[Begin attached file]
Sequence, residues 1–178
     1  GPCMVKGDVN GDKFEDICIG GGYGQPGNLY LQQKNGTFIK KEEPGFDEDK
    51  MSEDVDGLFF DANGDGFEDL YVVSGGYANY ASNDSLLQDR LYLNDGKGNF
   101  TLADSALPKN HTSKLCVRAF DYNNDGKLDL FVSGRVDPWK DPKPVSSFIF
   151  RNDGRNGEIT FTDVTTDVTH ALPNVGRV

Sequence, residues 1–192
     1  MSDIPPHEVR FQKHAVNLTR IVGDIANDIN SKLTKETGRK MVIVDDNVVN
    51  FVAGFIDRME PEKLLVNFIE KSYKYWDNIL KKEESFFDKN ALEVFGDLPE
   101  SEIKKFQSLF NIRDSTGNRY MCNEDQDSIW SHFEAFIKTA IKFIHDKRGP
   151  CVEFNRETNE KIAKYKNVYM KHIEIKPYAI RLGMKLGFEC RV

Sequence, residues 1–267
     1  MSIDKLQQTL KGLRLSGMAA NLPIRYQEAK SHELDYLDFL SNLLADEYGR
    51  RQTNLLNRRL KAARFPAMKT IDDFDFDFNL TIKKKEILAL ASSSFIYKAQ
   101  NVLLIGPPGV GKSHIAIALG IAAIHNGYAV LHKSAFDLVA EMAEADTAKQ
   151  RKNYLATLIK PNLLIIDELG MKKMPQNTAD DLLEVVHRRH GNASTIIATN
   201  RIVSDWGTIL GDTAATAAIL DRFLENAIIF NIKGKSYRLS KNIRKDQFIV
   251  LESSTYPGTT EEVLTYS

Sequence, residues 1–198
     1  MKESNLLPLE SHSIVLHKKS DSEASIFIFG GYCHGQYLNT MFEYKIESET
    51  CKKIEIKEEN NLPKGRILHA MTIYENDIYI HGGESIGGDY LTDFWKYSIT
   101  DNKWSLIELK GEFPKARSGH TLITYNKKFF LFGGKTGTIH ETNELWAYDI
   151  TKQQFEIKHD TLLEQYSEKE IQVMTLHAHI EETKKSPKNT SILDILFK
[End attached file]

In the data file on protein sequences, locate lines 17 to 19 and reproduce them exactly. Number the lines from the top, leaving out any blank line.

   251  LESSTYPGTT EEVLTYS

Sequence, residues 1–198
     1  MKESNLLPLE SHSIVLHKKS DSEASIFIFG GYCHGQYLNT MFEYKIESET